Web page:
List of participants.
Introduction. Dan Sperber.
Part I: Causal representation in animal cognition
Abstract: (from the chapter) argue that the converging evidence from the concordance between the determinants of human causality judgement and animal performance indicates that the capacity for goal-directed instrumental action is the most basic behavioural marker of causal cognition; just as J. Piaget (1954) argued that the ontological foundations of causal cognition lies in action, so, we should argue, does the phylogenetic origin. (from the book) pursue three questions; 1. are animal actions intentional, mediated by a representation of the action-outcome association; 2. are human causal judgement and instrumental performance affected by the same parameters; 3. are both human causal judgements and animal actions mediated by comparable causal processes.
Abstract: (from the chapter) causal knowledge is one way to influence certain parts of one's environment through prediction and action; while all animal species exert some control by using their knowledge of interdependent events, only humans are known to have explicit causal reasoning; (this chapter includes a discussion among D. Hilton, F. Keil, G. Lloyd, R. Nisbett, E. Spelke, L. Talmy and H. Kummer)... long intervals between recurrent events; long intervals between diverse events: paternity; phyletic distribution of weak and strong causal knowledge; strong causal knowledge in primates. (from the book) Kummer accepts the responsibility that psychologists invariably impose upon the biologist: to provide an evolutionary account, in this case of causal knowledge; considers the genetic program for associative learning, arbitrary or 'weak causality' as he prefers, to be universal, found in brainless micro-organisms as well as in humans; argues that beyond this universal program, one must expect to find causal interpretations specific to special environments and modes of life; provides a number of examples of devices that cope with causal relations which would go unrecognized because the critical events are not contiguous.
Abstract: (from the chapter) (review) the methods and findings of studies of infants' reasoning about inanimate object motion; because human action appears to violate some of the constraints on inanimate objects, (the authors) ask whether infants are sensitive to violations of constraints on objects by considering briefly how they reason about shadows; turn to infants' reasoning about human action; describe a study investigating whether infants understand that human action cannot be predicted solely on the basis of mechanical considerations; turn to the literature on social interaction and communication in infancy as a source of suggestions concerning infants' positive knowledge of human action; present the methods and findings from our own initial research on this topic... do infants suspend the contact principle in reasoning about human action; do infants make positive inferences about human actions; domain-specific systems of knowledge.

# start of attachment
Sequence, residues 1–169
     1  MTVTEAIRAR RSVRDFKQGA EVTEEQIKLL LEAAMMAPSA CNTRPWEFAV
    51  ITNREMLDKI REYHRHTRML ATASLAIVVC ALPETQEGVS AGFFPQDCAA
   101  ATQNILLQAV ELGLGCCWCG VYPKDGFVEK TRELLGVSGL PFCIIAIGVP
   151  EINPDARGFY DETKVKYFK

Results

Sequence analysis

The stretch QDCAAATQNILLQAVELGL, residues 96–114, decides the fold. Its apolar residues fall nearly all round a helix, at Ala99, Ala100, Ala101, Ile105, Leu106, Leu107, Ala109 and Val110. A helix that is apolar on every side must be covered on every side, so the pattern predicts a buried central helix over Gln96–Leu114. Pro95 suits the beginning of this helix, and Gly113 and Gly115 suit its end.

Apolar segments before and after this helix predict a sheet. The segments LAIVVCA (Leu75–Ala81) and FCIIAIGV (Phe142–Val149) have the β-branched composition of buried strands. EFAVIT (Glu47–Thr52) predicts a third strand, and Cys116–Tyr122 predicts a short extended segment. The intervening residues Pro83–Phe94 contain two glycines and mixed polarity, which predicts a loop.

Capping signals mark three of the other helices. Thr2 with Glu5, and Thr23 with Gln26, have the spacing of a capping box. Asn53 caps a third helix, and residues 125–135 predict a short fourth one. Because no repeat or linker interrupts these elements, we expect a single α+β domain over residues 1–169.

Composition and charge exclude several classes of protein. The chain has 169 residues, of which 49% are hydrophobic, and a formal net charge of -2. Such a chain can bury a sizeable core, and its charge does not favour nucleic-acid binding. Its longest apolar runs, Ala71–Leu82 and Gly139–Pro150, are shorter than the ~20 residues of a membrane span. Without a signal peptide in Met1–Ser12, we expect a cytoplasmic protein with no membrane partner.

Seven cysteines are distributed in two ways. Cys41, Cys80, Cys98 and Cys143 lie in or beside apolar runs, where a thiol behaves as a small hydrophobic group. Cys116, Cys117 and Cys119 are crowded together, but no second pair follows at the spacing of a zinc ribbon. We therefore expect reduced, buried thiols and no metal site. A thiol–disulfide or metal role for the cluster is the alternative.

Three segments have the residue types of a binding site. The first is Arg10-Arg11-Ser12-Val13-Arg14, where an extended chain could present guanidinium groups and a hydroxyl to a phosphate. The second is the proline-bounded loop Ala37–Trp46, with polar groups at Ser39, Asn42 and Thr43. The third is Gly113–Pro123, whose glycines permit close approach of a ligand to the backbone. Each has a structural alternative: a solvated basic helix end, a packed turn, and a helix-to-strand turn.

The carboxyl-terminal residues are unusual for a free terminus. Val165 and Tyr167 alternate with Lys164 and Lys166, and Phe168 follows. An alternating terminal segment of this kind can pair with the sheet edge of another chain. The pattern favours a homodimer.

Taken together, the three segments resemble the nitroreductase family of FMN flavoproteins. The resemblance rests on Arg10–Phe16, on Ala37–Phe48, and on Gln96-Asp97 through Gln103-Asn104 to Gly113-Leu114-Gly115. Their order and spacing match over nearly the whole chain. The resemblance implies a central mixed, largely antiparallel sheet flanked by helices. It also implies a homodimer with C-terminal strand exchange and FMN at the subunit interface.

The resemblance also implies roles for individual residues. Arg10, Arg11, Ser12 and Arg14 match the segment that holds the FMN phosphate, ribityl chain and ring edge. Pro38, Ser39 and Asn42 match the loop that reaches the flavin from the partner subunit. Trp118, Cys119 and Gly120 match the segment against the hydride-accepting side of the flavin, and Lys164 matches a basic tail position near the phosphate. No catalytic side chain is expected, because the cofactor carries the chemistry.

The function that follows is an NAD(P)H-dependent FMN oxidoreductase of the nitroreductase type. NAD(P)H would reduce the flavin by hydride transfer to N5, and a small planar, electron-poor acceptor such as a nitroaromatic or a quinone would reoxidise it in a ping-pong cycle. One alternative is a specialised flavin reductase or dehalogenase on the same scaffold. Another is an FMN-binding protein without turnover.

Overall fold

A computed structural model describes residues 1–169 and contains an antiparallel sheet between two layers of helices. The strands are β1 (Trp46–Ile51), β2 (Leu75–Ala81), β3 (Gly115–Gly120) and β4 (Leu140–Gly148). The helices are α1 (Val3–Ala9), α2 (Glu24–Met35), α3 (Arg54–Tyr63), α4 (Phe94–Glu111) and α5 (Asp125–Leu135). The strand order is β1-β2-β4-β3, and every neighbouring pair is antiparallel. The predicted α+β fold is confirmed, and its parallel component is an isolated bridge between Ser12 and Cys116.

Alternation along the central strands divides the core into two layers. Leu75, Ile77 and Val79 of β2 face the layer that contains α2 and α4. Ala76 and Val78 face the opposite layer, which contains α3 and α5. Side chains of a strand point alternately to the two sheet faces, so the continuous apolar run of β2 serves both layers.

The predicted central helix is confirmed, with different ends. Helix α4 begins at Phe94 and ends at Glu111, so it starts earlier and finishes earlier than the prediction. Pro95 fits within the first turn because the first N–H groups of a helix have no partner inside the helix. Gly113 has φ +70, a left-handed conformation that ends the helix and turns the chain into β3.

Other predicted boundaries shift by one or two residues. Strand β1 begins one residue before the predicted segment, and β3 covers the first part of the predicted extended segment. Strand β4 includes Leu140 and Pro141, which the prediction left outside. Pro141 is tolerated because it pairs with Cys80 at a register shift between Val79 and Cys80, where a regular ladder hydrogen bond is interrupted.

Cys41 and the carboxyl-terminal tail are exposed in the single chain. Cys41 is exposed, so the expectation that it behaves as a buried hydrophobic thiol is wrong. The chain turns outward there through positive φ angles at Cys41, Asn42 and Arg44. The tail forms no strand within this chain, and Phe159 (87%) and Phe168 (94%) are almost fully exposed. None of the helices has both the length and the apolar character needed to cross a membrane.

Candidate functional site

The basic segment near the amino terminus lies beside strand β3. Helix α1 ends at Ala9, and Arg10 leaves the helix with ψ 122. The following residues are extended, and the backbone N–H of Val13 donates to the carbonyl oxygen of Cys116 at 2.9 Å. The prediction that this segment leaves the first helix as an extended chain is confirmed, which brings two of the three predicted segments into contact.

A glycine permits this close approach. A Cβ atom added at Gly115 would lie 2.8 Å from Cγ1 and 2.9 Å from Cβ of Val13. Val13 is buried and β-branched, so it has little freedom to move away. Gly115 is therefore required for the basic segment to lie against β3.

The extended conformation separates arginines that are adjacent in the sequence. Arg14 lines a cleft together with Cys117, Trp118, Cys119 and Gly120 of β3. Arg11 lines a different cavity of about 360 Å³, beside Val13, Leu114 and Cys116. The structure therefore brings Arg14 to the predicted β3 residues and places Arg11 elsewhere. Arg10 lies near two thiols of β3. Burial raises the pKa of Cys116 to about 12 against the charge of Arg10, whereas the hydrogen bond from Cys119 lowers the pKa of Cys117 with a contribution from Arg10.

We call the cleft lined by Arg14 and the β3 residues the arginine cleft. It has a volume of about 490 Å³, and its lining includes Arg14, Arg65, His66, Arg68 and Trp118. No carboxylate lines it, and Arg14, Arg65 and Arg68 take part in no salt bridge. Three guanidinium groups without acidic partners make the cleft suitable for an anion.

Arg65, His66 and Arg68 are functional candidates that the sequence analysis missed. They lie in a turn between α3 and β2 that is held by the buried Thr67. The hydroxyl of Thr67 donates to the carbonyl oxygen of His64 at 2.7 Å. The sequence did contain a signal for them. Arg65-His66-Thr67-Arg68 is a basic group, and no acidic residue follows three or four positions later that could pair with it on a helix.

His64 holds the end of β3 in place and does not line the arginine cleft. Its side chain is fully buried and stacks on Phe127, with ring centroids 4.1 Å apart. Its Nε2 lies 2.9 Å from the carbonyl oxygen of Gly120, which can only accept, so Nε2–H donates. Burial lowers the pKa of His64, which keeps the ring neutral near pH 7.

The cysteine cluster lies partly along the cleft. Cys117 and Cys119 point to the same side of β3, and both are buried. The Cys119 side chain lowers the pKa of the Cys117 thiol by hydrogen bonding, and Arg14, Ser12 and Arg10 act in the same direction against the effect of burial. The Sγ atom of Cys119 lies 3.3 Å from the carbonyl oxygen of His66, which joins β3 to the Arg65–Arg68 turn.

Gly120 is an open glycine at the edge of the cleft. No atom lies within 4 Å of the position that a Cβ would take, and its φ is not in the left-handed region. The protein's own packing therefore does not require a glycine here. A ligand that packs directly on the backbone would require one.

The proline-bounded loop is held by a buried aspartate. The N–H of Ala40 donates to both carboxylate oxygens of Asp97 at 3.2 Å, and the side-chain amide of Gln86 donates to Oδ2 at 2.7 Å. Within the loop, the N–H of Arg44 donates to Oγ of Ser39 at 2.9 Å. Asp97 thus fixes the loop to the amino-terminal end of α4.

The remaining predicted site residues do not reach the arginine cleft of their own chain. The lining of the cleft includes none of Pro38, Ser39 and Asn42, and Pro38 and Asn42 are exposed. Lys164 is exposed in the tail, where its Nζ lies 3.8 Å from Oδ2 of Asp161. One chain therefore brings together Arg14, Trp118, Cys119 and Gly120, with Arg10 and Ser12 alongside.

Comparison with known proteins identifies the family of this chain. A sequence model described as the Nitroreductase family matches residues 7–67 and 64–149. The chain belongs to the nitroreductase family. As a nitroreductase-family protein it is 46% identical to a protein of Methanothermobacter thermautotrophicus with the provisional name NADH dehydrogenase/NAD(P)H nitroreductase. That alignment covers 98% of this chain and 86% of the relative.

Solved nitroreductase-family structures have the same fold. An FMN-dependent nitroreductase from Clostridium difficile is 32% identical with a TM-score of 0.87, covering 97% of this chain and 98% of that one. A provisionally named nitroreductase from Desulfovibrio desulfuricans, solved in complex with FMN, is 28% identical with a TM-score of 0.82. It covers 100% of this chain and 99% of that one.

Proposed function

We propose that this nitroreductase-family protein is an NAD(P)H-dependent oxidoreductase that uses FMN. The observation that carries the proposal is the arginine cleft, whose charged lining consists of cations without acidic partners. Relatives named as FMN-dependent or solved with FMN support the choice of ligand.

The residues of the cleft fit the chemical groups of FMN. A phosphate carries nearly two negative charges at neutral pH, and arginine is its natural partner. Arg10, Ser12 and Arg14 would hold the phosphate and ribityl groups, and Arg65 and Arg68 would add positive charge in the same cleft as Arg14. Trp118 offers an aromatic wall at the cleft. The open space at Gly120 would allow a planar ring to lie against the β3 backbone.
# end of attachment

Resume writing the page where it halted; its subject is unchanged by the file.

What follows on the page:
Abstract: (from the chapter) what role does causality play in the development of infants' physical reasoning; the answer to this question naturally depends on how we define causality; on the one hand, we might characterize causal reasoning at a very general level in terms of the construction of conceptual descriptions that capture regularities in the displacements of objects and their interactions with other objects; on the other hand, we might take causality to mean something far more specific associated with the formation of sequences in which one event is understood to bring about another event through the transmission of force or some other generative process... focus primarily on the 1st of the 2 definitions listed; describe the developmental pattern identified in the model and review some of the evidence supporting it; contrast the present approach with that adopted by E. Spelke and her colleagues and by A. Leslie. The authors then discuss the second, more specific, definition of causality mentioned earlier and ask whether this definition, with its focus on notions of force or generative transmission, can shed further light on the findings discussed. Finally, they examine the development of infants' intuitions about three distinct phenomena: support, collision, and unveiling events.
Leslie, Alan M. A theory of agency. Sperber, Premack, & Premack (1995), pp. 121-149.
Abstract: (from the chapter) outline a 'tri-partite' theory of our core understanding of Agency (from earlier studies on infants); discuss a theory of the core constraints that organize our early learning about the behaviour of Agents; what I mean by Agency is a particular object; an Agent ...is a type of object and Agency an enduring property of that object; the central part of the theory of cognitive development deals with core cognitive architecture: it characterizes those properties of the information processing system that provide the basis for development, as opposed to those properties that are the result of development... the tripartite theory of Agency begins with the idea that Agents are a class of objects possessing sets of causal properties that distinguish them from other physical objects; the next assumption is that, as a result of evolution, we have become adapted to track these sets of properties and to learn efficiently to interpret the behaviour of these objects in specific ways; (identify) three classes of distinctive properties of Agents that determine their behaviour (mechanical, actional and cognitive properties); (hypothesize) that, as the result of the evolution of a modular design, our core notions of Agency reflect three distinct processing mechanisms arranged hierarchically; succeeding mechanisms interpret Agents' behaviour at succeeding levels of representation; each level corresponds to a different 'subtheory' of Agency; description at one level provides the principal relevant input for inferring the appropriate description at the next level... these three mechanisms with their respective 'subtheories' introduce in turn the three causal paradigms that form the core of human commonsense: 'mechanical causality', 'teleological causality', and 'psychological causality'; (this chapter includes a discussion among S. Carey, D. Hilton, F. Keil, M. Morris, E. Spelke and L. Talmy).